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LUNGS

BREATHING FISH

     At first, it may seem as if the ability to breathe atmospheric oxygen in the ancestors of the amphibians was an almost insurmountable challenge.  Upon closer consideration, however, the evolution of air-breathing seems well within the capabilities of aquatic organisms.  The ability of aquatic animals to breath oxygen from the air is thought to have evolved at least 67 times (Maina, 1998).   A number of crustaceans can breathe air.  There are lung-like structures in some snails.  Some oligochaete and polychaete worms perform gas exchange through their anus (Maina, 1998). The sea cucumber Holothuria tubulosa can breathe in stagnant water by rising through the surface and performing gas exchange through its cloaca (Hoar, 1983, p. 505).  Some fish perform gas exchange with water moved through their highly vascularized rectum.  Some aquatic turtles possess 2 sacs opening into the cloaca which can function in gas exchange (Weichert, 1970, p. 244).  A considerable number of fish can breathe oxygen from air.  The majority do so as a supplement to the oxygen supplied by their gills but some are actually obligate air breathers that would drown in water without access to air. 

     Different groups of fish have evolved different mechanisms for air breathing.  Increased vascularization of caudal and pelvic fins function in respiration in the walking goby (Periopthalmus) and the South American lungfish, respectively (Weichert, 1970, p. 244).  Some fish perform gas exchange with the air through their buccopharyngeal apparatus (mouth and throat) such as Electrophorus electricus of the family Electrophoridae.  Some do so through using an opercular structures, such as Hypopomus brevicostris of the family Sternarchidae, Symbranchus marmotatus and Monopterus javanesis of the family Symbranchidae, Pseudapocryptes lanceolatus of the family Gobiidae, Heteropneustes fossilis of the family Saccobranchidae, Clarias lazera, Clarias magur, and Clarias mossambicus of the family Clariidae, and Macropodus cupanus, Colisa fasciata, Betta, Osphronemus gorami, and Anabas testudineus from the family Anabantidae (Maina, 1998).  While the fine filaments of  most fish gills collapse in air, a few fish, such as Symbranchus and Hypopomus, possess modified gills which do not collapse in air in addition to vascularized mouth and pharyngeal cavities which permit gas exchange.  Gill breathing in air occurs in eels and Periopthalmus.  In electric eels, the folding of the oral cavity increases the respiratory surface to about 15% of the total body surface.  This area apparently performs sufficient gas exchange since the gills in adults are almost nonfunctional (Johansen, Kjell from Hoar, 1970).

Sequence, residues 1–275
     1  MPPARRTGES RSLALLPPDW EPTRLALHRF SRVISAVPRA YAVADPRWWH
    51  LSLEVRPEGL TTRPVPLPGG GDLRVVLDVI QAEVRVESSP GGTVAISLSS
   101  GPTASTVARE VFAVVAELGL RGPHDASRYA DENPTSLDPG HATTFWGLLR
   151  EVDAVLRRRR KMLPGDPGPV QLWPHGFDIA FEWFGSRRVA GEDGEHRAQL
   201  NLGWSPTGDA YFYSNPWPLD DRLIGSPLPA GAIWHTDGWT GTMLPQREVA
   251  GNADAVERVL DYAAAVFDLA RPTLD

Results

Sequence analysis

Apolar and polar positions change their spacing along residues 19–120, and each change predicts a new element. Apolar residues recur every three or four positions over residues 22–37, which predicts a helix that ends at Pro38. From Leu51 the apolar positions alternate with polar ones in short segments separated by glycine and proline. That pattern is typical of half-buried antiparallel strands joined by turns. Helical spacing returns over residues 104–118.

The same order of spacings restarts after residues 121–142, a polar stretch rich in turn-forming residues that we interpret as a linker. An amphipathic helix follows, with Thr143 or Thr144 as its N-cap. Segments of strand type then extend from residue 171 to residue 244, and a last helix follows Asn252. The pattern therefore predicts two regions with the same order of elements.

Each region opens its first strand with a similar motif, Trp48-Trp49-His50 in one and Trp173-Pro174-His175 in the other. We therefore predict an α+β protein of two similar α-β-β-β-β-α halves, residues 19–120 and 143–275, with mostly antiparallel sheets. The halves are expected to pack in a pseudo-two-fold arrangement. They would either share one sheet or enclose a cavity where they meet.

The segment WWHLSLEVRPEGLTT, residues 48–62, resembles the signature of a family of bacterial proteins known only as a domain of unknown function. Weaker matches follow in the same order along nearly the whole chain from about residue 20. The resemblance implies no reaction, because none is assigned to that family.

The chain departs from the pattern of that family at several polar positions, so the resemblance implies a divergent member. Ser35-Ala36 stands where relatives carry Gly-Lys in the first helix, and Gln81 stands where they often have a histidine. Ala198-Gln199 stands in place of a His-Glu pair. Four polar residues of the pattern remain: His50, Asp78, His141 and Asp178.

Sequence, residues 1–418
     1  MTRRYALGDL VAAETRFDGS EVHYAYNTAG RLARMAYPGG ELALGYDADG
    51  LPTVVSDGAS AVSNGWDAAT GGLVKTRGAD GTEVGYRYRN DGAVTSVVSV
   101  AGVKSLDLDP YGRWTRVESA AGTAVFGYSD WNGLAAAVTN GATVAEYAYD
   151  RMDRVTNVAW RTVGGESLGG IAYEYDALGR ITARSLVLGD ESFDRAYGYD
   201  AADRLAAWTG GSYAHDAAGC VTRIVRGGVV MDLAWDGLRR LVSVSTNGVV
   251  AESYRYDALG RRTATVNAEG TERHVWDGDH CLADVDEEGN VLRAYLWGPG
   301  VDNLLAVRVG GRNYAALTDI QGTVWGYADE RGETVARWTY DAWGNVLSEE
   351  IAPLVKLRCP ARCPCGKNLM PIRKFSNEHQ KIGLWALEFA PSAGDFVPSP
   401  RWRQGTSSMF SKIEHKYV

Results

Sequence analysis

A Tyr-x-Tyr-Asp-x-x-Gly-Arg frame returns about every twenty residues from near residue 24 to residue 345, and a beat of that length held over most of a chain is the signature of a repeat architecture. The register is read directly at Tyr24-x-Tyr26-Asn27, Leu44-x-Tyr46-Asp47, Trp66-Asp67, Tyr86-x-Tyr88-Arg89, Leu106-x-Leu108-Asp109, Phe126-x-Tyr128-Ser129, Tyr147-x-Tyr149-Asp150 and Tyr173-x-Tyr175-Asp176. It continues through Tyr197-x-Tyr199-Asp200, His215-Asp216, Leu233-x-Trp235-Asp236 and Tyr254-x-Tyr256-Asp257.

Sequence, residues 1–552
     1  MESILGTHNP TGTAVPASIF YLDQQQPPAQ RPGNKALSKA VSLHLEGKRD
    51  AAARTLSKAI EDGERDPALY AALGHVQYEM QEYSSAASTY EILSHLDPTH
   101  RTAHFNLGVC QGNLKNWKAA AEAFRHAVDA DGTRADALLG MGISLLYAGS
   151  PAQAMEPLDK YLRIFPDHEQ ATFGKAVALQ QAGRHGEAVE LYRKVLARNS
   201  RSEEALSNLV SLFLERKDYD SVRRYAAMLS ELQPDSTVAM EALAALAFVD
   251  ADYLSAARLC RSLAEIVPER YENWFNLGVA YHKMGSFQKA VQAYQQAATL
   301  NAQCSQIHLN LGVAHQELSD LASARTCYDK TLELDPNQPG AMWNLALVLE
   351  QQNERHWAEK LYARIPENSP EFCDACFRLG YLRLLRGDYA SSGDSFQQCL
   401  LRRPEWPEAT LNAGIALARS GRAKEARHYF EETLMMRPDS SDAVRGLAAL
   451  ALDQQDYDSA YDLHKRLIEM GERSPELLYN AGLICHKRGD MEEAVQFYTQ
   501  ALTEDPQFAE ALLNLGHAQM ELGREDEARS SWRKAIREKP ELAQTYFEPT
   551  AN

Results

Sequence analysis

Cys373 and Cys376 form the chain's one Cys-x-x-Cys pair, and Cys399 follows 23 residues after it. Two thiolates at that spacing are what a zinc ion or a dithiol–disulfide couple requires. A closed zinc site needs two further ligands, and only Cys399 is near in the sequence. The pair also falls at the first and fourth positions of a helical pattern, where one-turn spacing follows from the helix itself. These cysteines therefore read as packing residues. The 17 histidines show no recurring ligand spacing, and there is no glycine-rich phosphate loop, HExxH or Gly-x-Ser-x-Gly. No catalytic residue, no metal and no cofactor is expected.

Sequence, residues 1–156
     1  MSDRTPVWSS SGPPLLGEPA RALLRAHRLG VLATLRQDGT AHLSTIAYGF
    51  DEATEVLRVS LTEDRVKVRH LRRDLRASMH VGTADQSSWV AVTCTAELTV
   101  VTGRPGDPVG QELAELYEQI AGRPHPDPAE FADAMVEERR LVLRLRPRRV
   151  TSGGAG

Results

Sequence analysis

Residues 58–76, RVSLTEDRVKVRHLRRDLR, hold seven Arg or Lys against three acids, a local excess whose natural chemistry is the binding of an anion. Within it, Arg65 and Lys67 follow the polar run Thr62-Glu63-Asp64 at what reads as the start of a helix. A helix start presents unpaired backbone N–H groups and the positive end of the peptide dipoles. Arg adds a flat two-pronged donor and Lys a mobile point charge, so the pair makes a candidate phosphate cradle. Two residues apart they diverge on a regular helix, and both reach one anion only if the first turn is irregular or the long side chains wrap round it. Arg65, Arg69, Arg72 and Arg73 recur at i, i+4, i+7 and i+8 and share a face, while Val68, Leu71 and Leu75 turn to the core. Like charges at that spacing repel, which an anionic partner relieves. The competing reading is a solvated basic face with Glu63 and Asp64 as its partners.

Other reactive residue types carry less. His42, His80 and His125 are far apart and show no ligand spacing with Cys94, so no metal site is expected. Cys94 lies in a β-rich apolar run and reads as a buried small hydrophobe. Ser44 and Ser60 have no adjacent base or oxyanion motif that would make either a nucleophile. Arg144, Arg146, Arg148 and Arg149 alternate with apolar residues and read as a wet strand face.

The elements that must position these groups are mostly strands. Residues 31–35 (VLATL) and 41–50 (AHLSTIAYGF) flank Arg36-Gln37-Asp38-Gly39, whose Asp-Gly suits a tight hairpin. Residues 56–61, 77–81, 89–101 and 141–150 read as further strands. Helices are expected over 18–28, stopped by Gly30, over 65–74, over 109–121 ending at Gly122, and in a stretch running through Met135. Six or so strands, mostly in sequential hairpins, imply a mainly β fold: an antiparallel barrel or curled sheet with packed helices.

Some fish perform gas exhange in their intestine, such as Misgurnus fossilis and Lepidocephalichthys guntea from the family Cobitidae and Doras of the family Doridae.  Some members of the family Ophicephalidae possess pharyngeal lungs such as Opicephalus (Channa) puntatus, O. marulius, O. striatus, O. gachua, and Amphipnous cuchia.  Anguilla anguilla, A. bengalensis, and A. japonicus of the family Anguillidae can perform gas exchange through their skin.    Eels which are removed from water can absorb about 60% of their oxygen uptake in water.  While most of this oxygen exchange in air occurs through the skin, a significant portion occurs across the gills, indicating that their gills have also been adapted for air-breathing (Hoar, 1970; Maina, 1998).   Some members of the families Loricaridae and Callichthyidae possess modifications of their gastrointestinal tract which allow gas exchange using swallowed air.  Some of these fish are obligate air breathers and may travel for short distances over land (Maina, 1998).  An air-breathing species of the family Loricaridae is pictured in the following photos.

BREATHING FISH BREATHING FISH
BREATHING FISH

     Bony fish possess a sac which opens into the esophagus.  While it is called a swim bladder and the buoyancy it generates is an adaptation for swimming, this structure can also be used for respiration and seems to be homologous to tetrapod lungs.  Some actinopterygian fish perform gas exchange using their swim bladder, such as Arapaima gigas of the family Arapaimidae, Gymnarchus of the family Gymnarchidae, Erythrinus unitaeniatus of the family Characinidae, Umbra from the family Umbridae, and Notopterus notopterus and Notopterus chitala of the family Notopteridae.  Maina, 1998).  This sac is used for the respiration of oxygen from air in dipnoan sarcopterygians and in the most primitive actinopterygians, suggesting that this was its primitive function in the ancestral bony fish.  In other words, swim bladders seem to have evolved from lungs rather than lungs from swim bladders.  (Perry, 2001).